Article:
Extras include a Photo Gallery and an Original Theatrical Trailer.



Bob Talbot’s Ocean Men: Extreme Dive (2001) is a terrific, underseen IMAX film about two men who are part of an elite tradition of deep sea diving without any scuba equipment.  As of this release, the two champs with two different approaches in breaking world records and competing heavily with each other are Pipin Ferreras and Umberto Pelizzari.  We see about their childhoods, their predecessors & their own groundbreaking past achievements and the amazing science describing how they can do what most cannot.


This might run only 40 minutes, which is the usual for IMAX special subjects, but this one is so rich in this special history, a love of the ocean and the amazing things these men do that you  want to watch it over again as soon as it is over like the best IMAX productions.  If you have never seen this one, consider it another IMAX must-see and on this great Blu-ray,. must-have.


Extras include a huge number of Original Theatrical Trailers for other IMAX films that happen to be on Blu-ray, most of which we have reviewed.



Matthew Miele’s Scatter My Ashes At Bergdorf’s (2012) is an amazing look at the rise and continued relevance of the upscale clothing department store in New York City known as Bergdorf Goodman’s.  Established in the late 1800s, it was joined by many other great, even legendary clothing stores, but this store managed to somehow see trends ahead of the others, became the first upscale store to do off the rack clothes for the wealthy and steadily became the epitome of the worlds of better things both New York City and fashion are supposed to be about.


The interviews are a who’s who of the fashion world including some of the most important designers ever, celebrities like Joan Rivers who tells it like it is again and new designers all singing the praises of the store.  Past and current employees talk about stories of the store, while we see the man who creates their stunning window displays that are a cut above the rest.  This is an intense, must-see 93 minutes that opens us up to a dream store for women worldwide and why it continues to be so.


Extras include Additional Interviews worth seeing after the film.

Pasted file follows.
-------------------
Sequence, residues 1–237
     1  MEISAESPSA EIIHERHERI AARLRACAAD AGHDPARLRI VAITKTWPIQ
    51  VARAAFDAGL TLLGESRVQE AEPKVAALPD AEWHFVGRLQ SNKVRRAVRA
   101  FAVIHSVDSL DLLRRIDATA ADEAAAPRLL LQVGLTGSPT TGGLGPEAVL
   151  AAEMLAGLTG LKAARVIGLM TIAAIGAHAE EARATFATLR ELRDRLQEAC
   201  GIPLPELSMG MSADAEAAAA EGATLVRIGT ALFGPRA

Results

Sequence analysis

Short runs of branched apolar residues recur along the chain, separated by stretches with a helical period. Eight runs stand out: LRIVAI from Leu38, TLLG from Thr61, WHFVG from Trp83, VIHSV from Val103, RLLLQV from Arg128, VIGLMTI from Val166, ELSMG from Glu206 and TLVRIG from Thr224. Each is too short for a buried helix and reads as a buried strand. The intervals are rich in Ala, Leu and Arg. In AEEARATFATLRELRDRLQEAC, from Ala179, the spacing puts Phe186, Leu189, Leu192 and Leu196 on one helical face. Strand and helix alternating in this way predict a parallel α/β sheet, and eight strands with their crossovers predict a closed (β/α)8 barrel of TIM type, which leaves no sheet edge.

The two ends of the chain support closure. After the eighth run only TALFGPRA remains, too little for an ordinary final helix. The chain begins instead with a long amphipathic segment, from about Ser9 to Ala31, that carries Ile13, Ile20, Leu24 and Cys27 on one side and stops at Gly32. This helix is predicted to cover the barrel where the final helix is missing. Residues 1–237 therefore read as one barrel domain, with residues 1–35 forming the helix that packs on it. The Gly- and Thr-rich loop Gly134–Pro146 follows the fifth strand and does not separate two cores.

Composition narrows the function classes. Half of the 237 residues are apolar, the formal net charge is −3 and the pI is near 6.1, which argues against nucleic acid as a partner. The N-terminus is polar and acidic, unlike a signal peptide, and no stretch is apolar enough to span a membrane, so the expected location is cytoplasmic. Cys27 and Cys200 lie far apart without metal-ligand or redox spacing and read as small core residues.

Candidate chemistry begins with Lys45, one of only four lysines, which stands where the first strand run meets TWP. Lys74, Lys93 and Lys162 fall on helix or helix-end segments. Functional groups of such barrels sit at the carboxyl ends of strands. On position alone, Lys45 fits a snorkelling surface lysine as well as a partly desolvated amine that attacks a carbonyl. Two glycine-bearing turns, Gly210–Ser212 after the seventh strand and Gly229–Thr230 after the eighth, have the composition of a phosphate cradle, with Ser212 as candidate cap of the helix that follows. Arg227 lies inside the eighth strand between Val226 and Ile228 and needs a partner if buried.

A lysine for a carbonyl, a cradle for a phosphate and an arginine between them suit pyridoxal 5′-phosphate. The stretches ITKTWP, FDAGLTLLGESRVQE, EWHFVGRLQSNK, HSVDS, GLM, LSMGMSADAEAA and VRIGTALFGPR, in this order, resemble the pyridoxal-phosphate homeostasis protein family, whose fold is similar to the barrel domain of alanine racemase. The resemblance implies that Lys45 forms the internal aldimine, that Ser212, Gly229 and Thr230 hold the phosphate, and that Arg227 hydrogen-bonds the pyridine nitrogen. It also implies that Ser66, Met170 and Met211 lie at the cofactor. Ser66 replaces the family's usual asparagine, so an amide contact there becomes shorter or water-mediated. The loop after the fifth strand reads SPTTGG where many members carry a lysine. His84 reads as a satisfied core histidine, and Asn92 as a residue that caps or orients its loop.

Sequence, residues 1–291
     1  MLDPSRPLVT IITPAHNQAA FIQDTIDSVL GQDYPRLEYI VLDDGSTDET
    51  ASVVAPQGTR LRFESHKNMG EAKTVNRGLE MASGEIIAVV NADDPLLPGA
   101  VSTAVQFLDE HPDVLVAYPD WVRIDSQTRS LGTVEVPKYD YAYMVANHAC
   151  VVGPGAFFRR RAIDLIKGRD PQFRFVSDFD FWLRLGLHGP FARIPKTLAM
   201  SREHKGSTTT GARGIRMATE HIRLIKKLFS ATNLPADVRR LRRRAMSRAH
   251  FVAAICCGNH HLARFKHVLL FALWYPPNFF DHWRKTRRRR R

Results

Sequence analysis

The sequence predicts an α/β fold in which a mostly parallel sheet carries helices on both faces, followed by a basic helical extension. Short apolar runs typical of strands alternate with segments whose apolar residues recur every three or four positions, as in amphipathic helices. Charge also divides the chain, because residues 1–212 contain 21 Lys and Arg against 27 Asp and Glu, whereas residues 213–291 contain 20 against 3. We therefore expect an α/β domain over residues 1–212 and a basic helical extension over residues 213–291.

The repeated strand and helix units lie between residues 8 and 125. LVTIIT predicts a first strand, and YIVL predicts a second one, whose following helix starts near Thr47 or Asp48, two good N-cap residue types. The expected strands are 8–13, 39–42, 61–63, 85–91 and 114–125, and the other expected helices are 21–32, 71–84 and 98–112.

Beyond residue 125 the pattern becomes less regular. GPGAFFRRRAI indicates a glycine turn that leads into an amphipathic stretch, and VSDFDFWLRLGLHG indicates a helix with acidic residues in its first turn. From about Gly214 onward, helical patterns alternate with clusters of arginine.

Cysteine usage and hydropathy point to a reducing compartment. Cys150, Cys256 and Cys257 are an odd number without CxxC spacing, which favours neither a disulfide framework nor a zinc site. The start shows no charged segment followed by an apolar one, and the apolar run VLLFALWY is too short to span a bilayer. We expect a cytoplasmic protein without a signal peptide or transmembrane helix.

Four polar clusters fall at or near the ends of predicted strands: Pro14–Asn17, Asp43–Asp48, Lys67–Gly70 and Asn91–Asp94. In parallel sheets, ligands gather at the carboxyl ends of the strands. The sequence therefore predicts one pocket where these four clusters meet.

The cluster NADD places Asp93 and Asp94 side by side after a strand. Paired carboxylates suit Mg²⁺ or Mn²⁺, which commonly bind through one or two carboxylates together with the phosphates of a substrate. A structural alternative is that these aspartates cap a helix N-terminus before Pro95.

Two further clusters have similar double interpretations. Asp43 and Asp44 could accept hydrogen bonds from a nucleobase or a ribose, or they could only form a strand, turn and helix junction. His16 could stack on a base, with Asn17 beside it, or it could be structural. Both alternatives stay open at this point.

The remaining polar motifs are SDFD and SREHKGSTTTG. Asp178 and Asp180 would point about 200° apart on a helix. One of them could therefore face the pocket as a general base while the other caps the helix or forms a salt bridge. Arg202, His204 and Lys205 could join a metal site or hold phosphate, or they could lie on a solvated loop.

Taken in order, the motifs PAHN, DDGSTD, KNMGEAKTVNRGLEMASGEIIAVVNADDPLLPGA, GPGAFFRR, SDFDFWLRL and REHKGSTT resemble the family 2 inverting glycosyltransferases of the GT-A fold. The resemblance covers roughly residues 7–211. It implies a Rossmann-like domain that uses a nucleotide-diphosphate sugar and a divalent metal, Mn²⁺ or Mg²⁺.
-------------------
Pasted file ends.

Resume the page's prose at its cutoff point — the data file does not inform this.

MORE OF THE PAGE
Last but not least is Jason Wise’s SOMM (2013) about a special class of Sommeliers, experts in food, wine, cigars and other related, upscale delights, the insane study and massive, extensive expertise it takes to gain said title and how achieving success in the field (including serving the moist discriminating of the rich) means big money and helps add to the success of the greatest hotels, restaurants and clubs in the world.


Some may think of it as too much and not be interested, but the makers show us that it matters to enough people (money or not) that it is a little-seen part of this world that can also separate the ignorant rich from those with money in the know and that is why I ultimately liked it.

Extras include an Alternative Ending which I thought was not bad, Official Original Theatrical Trailer, Sommeliers’ feature length audio commentary track and a Making Of featurette.




All five DVDs offer anamorphically enhanced 1.78 X 1 image transfers, but quality varies, with Dieppe, Ashes and SOMM faring best despite some softness and motion blur, but End and Express are much softer and rougher, though the circumstances they were made under accounts for some of that.


The 1080p 1.78 X 1 digital High Definition image transfer on Ocean is easily the best presentation, shot entirely on 65mm film and looking great shot after shot, including demo shots that will impress on HDTVs and even now Ultra HDTVs.  Most impressive is that the archive footage shown also is exceptionally clean and clear, which is not always the case in IMAX presentations when they show older film footage.


All five DVDs offer lossy Dolby Digital 2.0 Stereo mixes save Ashes, which is actually in lossy Dolby Digital 5.1, but it might as well be simple stereo often because there is only so much the audio can offer.  SOMM has the poorest sonic performance being just too soft and even monophonic at times, so be careful of audio switching and high playback levels.


That leaves the DTS-HD MA (Master Audio) 5.1 lossless mix on Ocean the clear sonic winner and though narration can be towards the front speakers, it is consistent with the larger IMAX-sized soundfield and is well-transferred along with vintage audio.  The new audio is tops, however, with fine sonic moments to spare.



-   Nicholas Sheffo